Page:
Shock at discovery of ‘priceless’ army badges

Reporter:

Rebecca Cole

A PRICELESS collection of war memorabilia has been unearthed by a Wrexham family.

Rare photographs, letters and uniform badges give an insight into the secret world of an elite commando whose Second World War regiment led to the creation of the SAS.

Sisters Pat James, 62, and Cath Cunnah, 58, made the startling discovery when they were looking for pictures of their father as a Bersham Colliery miner for Yale College’s Rural Stories project.

The memorabilia was discovered in a forgotten box of Mr Rees’ paperwork.

Caroline Mannion, museum officer at the Cheshire Military Museum, added: “It’s impossible to give items like this a monetary value. They’re historically priceless.”

Pat, of Coed-y-Glyn, Wrexham, said she and her three sisters knew their dad, Erwyn ‘Taff’ Rees, had served in the Second World War but they had no idea he was a member of the No. 4 Commando unit.

“We knew he’d seen action but he never spoke about it so we had no idea about the details,” she told the Leader.

“We were always proud of our dad but finding this out made us respect him in a whole new way.”

Cath, from Garden Village, added: “When we started looking into his life I never ever thought we’d find anything like this. It’s completely out of the blue.”

The No.4 Commando was a crack team of infantrymen, formed in 1940 as part of the 1st Special Service Brigade, which acted as a model from which the SAS was created in 1941.

According to his daughters, Taff acted as a ‘back-man’ to one of the officers and, along with his fellow commandos, he was in the first wave of landings at
Normandy on D-Day. His orders were to destroy enemy guns before the mass
assault began.

Cath said: “I remember around the 50th anniversary of D-Day when dad was living in a residential home in Llangollen.

“He had a period of really bad nightmares and we’d always known him have awful nerves.

“It’s understandable he didn’t want to talk about what he’d seen. The only thing he ever told me was how he had slashed the tyres of enemy planes with a knife.”

Pat’s husband John, 63, added: “He would have been sworn to secrecy over his role in the war but I do know the Commandos were nicknamed the ‘suicide squads’ because when they went out on missions so few came back alive.”

Taff, originally from Llanelli, South Wales, came home from Normandy with shrapnel in his leg and settled down to life in the mine in Wrexham and started a family with wife Betty.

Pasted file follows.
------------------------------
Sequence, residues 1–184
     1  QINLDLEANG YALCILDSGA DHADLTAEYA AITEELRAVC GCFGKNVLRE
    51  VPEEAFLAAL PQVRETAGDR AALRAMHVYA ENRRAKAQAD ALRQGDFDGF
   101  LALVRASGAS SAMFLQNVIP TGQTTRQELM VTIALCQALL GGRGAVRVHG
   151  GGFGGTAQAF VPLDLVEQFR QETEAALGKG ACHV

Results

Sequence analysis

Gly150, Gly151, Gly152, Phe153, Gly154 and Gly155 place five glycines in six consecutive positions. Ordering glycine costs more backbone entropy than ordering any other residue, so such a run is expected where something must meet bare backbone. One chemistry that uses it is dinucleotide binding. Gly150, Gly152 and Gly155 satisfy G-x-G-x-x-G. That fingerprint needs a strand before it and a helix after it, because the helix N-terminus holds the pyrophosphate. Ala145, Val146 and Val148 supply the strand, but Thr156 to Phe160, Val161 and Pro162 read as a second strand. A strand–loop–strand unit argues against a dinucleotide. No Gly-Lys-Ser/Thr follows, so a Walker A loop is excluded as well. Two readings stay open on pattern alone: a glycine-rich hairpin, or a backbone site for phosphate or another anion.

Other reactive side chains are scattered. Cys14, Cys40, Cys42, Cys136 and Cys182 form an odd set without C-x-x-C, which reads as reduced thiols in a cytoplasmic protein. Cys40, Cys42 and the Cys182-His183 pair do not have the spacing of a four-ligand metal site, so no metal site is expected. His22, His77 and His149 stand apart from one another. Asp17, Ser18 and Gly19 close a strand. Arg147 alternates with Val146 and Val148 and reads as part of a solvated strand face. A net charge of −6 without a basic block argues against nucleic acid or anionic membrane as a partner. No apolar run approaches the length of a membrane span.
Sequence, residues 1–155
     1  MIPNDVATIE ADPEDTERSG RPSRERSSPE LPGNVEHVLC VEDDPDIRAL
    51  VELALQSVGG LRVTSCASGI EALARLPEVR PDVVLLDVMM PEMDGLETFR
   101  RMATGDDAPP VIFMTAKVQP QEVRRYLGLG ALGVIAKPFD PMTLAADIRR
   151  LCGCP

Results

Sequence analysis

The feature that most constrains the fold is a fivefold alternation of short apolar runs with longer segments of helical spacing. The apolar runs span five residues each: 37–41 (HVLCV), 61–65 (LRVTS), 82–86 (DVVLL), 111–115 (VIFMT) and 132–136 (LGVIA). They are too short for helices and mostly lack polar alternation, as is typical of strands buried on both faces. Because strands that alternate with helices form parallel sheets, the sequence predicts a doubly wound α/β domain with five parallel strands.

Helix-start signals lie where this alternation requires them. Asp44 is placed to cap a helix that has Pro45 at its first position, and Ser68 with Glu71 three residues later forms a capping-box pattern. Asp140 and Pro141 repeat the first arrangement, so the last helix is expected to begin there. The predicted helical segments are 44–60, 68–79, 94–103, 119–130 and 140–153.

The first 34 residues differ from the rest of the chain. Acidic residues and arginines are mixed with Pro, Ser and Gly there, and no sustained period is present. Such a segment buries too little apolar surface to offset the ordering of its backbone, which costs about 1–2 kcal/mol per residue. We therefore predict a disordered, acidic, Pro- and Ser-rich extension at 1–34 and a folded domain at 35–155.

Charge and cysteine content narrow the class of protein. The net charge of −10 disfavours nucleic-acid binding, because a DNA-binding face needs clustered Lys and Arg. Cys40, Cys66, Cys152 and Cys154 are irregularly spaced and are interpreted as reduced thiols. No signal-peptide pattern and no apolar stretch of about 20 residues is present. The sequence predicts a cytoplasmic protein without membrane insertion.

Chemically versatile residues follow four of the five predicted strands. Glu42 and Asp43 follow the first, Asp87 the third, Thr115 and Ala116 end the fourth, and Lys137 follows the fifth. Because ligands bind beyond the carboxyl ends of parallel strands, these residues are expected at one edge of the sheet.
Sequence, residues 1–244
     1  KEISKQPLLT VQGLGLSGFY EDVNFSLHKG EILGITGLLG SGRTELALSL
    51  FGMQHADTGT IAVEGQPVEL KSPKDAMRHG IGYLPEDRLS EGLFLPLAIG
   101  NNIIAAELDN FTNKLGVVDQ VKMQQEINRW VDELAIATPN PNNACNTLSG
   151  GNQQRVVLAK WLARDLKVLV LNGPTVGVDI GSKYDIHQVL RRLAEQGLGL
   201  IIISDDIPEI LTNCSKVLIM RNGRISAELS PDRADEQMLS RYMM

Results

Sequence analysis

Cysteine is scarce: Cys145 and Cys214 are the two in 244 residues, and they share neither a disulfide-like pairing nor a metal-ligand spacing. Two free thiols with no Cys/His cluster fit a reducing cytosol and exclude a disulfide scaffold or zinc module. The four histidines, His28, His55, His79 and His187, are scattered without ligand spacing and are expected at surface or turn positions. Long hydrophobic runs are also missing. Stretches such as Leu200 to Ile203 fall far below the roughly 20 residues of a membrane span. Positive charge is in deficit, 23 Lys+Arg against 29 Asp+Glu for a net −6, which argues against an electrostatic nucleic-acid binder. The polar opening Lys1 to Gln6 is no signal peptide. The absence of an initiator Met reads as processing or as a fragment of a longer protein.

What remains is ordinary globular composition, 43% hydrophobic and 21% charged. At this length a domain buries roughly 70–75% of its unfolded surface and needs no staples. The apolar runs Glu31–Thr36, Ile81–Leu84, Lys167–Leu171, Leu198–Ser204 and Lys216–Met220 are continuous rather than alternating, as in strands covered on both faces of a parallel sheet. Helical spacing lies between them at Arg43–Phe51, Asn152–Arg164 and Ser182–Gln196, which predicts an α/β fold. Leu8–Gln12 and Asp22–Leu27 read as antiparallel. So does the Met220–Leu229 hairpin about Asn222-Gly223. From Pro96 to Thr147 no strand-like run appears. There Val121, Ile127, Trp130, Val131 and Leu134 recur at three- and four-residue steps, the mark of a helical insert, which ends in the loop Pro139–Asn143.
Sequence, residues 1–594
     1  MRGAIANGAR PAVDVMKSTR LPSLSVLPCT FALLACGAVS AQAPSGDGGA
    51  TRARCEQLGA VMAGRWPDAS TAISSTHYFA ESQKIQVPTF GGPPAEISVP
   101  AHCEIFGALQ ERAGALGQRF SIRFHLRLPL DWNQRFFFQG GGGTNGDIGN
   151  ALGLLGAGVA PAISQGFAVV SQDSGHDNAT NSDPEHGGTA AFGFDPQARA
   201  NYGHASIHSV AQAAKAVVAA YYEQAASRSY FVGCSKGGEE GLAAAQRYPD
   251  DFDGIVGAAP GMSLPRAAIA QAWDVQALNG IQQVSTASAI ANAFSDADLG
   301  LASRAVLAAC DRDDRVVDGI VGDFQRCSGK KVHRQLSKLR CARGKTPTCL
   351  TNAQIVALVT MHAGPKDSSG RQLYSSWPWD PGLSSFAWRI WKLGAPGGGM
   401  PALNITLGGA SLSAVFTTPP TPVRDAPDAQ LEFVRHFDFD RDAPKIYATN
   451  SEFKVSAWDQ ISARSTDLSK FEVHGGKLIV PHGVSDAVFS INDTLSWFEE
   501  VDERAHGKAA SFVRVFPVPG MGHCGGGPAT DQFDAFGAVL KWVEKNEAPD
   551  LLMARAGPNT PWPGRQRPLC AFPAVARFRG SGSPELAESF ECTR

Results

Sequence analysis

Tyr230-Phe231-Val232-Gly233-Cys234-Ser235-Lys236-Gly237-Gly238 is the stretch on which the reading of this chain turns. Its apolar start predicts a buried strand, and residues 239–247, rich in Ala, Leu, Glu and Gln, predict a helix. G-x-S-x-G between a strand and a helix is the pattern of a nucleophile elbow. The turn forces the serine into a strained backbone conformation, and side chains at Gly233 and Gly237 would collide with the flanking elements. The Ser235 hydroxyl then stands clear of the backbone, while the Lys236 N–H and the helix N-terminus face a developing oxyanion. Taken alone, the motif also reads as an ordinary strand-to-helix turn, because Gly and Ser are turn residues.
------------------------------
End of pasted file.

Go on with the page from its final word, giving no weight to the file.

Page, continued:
Now, 60 years later, the family are seeing their dad in a new light and are proud to be the owners of such a rare and historically important collection.

Tony Pugh, head of media studies at Yale, is delighted by the find and believes such stories are what make the scheme so worthwhile.

He now hopes the one-of-a-kind collection of artefacts will help the college win vital Welsh Assembly Government funding.

“The family were teamed up with Lee Salisbury, one of our media production students, who worked together to find out more about Taff’s life,” said Mr Pugh.

“It’s a great way to get our students and the local community working together to discover our shared history.

“But we’re fighting for funds to keep the project going and this story reinforces what the workshops achieve – they keep memories alive. There must be more wonderful stories like this in Wrexham and we want to help people find them.

“The potential value of Taff’s memorabilia is incredible – it's all one-of-a-kind stuff so how do you put a price on that?”

Taff died in 1996 but thanks to this amazing chance discovery his daughters now feel they know him a little better.

Pat added: “We’ve always been proud of our dad and it's nice to know a bit more about him. If we’d found this out while he was still alive we would’ve understood him better.”

Alastair Massie, head of archives at the National Army Museum, said: “This discovery is a really interesting one and it’s very unusual for a family to find out their dad fought in the No.4 Commando after such a long time.

“The Commandos were an elite force who undertook special missions so the realisation that a family member served with them often has a big impact on families and to find out under such circumstances is wonderful.”

See full story in the Leader

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